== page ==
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Chinstrap penguin

From Simple English Wikipedia, the free encyclopedia

Chinstrap penguin
A chinstrap penguin
Scientific classification
Binomial name
Pygoscelis antarcticus

The chinstrap penguin (Pygoscelis antarctica) is a penguin that gets its name from the narrow band of black feathers that goes under their "chin" from ear to ear. They are sometimes called the ‘stone-cracker penguin’ because of their squeaky and high pitched call. Chinstrap penguins are found in polar, shallow seas and coastal areas. Some penguins are born very pale and are called ‘Blonde’ penguins. There are more chinstrap penguins than any other penguins in the world.

They feed mainly on krill and fish. The chinstrap penguins make nests in round shapes made from small stones and take turns in sitting on the eggs, they can be left on the nest for 10 days.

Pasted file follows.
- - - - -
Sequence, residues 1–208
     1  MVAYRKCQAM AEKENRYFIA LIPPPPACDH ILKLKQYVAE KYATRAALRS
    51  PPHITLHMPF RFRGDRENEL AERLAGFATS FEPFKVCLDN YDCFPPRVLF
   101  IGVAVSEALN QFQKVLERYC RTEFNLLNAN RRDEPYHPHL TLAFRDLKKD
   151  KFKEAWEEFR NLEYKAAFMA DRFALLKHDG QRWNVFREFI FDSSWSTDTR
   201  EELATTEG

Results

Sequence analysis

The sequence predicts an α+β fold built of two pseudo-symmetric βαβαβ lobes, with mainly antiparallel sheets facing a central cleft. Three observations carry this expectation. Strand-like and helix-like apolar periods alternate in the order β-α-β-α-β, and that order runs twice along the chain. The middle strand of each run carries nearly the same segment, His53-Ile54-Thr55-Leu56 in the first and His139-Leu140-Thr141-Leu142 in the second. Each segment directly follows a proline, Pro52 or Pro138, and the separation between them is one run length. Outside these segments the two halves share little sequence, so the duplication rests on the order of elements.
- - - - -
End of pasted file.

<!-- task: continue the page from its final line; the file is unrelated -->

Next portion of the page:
Size[change | change source]

These little penguins are only about 28 in (71 cm) tall and weigh about 10 lb (5 kg). Chinstraps may be small, but they are the boldest penguins of all.[2]

References[change | change source]

  1. Unknown assessors (2010). "Pygoscelis antarcticus". IUCN Red List of Threatened Species. Version 2008. International Union for Conservation of Nature. Retrieved 10 October 2011.
  2. Cole, Joanne; Bruce Degen (2001). Magic School Bus, Penguin puzzle. United States of America: Scholastic Inc. p. 26. ISBN 0-439-31432-1.

Other websites[change | change source]